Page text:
By Sebastian Spreng, Visual Artist and Classical Music Writer
A young cellist in meteoric rise, 29-year-old Joshua Roman is a perfect example of an accomplished 21st century artist. The native Oklahoman is a composer, organizer, curator, social media expert and complete musician. Roman has made three working visits to Miami in 2013 to date. He made his debut with the New World Symphony in March 2013, he closed the XX Mostly Mozart Festival earlier this summer and he returns to open the 2013 Sundays Afternoons of Music season September 8.
Between visits, the cellist completed his first “sonic installation” at the Museum of Art in Santa Barbara (in collaboration with the legendary Music Academy of the West), premiered a new cello concerto by Aaron Jay Kernis, gave recitals in Denver, LaJolla and Vancouver, served as the artistic director of Seattle’s Town Hall TownMusic Series, debuted with the Los Angeles Philharmonic Orchestra and premiered his co-creation On Grace for actor and cello at San Francisco’s Grace Cathedral.
Roman is hailed as a “classical rock star,” is a YouTube celebrity, a 2011 TED Fellow and one of the most serious artists of his generation. according to critics “A cellist of extraordinary technical and musical gifts”, virtues that has proved as principal cellist with the Seattle Symphony (position he won at age 22 as the youngest in the history of the Orchestra) and then embarking in a solo career. Switching between San Francisco, Los Angeles, Toronto, Chicago or New York – at Carnegie Hall or Le Poisson Rouge – now is Miami’s turn and Joshua graciously agreed to answer a dozen questions for his audience.
Why you choose the cello as your voice?
I feel like the cello chose me. I’ve played since the age of 3, and it was only a few years later that I began to strongly identify with the voice of the cello. Its range and tone are versatile and powerful, and have a deep emotional, even spiritual, resonance with me.
Favorite composer and work for cello?
Whatever I’m playing at the moment! I value Bach’s Solo Cello Suites very highly though, they are a big influence on my understanding of music.
What is the most underrated piece for cello?
Walton’s Cello Concerto – this piece I believe to be underrated because of his very unique and personal style, and the ending of the concerto. He was adamant that it not has a flashy ending, but rather concludes in a cyclical manner. I love this unapologetic approach.
Tell us about the program you designed for the Miami concert on September 8?
I designed the program with an eye on 19th and 20th century repertoire that is full of vigor and strength, but also inventive and even playful at times. I’ve done a lot of 21st century music, so this program is much more traditional and I’m looking forward to digging in to some meaty pieces by established greats of the past. The program, Stravinsky’s Suite Italienne, Sergei Prokofiev Sonata in C Major, Op. 119, Robert Schumann’s Fünf Stücke im Volkston and Beethoven: Sonata No. 4 in C Major, Op. 102 No. 1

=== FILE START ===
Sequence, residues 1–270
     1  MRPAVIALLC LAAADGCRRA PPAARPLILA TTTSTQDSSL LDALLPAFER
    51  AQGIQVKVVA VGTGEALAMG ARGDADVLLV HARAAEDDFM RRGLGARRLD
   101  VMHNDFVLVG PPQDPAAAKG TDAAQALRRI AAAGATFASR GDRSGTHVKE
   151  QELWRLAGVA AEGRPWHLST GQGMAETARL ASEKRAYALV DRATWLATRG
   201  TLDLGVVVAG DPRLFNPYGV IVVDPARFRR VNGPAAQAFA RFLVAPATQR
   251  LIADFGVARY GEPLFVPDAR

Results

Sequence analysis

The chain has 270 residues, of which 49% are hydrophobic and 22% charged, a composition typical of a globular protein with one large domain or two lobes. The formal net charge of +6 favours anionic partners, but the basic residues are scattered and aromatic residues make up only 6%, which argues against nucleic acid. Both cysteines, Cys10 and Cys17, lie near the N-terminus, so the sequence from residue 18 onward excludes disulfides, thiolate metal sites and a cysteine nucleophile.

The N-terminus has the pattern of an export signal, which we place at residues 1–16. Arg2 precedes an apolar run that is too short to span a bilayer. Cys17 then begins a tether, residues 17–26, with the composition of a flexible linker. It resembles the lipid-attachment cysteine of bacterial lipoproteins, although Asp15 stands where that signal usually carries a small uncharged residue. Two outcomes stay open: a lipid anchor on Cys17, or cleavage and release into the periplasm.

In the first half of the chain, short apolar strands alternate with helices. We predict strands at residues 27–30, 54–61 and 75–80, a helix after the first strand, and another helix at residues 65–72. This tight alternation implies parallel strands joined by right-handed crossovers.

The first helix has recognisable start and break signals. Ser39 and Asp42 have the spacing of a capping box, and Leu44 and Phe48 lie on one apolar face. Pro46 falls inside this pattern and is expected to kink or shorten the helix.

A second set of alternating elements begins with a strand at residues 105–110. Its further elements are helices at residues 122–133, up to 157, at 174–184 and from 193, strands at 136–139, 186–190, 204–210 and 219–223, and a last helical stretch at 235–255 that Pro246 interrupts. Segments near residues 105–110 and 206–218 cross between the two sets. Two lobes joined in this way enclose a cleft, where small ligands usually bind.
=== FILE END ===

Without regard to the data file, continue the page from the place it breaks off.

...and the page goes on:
Do you feel more at ease playing chamber music, solo or soloist with orchestra?
It depends on the specific relationship with the other musicians, as well as the exact repertoire. Each has its own benefit. There is a special energy from playing with other musicians that inspire you to play better (chamber). I also really enjoy the complete freedom and responsibility that comes with a solo performance. And with an orchestra, the potential for drama, contrast, and scope is very compelling.
What’s your favorite venue?
I’ve always loved listening to concerts at Severance Hall, in Cleveland. And the first time I played a note in Carnegie Hall (solo Bach) I didn’t want to leave the stage because the sound just seemed too perfect to be real.
Who are your absolute idols?
Emanuel Feuermann! Rachmaninoff, Brahms, Heifetz, Jimi Hendrix, the Beatles…
As a young performer, what are your suggestions for incorporating new audiences?
I’m not sure that there’s any one formula that would work, I’ve always just tried to be myself and connect on a real level. Part of that for me has always stemmed from growing up around non-classical friends, and learning how to share what I have as well as learn from my friends about what they have to offer. That’s the best way I know of to begin the conversation and see where it leads.
Why do people seem afraid to attend classical concerts?
I think there’s a perception sometimes that classical music is something that can only be enjoyed one way, and if you’re not “in the know”, then you’re not meant to experience it in any meaningful manner. I think there are many ways a great piece of music can be presented, played, heard, and enjoyed, and the more we can explore this, the more others might feel welcome to become a part of the process.
What are your goals?
I would like to develop my voice as a well-rounded musician. Performing, composing (a recent undertaking), commissioning, programming, and other ways of inspiring fellow musicians are becoming integral parts of a full musical life that helps me distill what it is I want to say, and how I can best say it.
Are artists happier than “normal” people?
Depends on the artist! I know some artists who really suffer for their art, and others who approach it very easily, and everything in between. For most, I do believe there is a strong connection between their art and personality, and that is something I cherish about art.
Which record would you bring to a desert island?
Silence!! That would be amazing (for a while).
Sunday Afternoons of Music presents cellist Joshua Roman and pianist Cory Smythe – 4 p.m. – September 8 at Gusman Concert Hall, University of Miami. 305-271-7150; sundaymusicals.org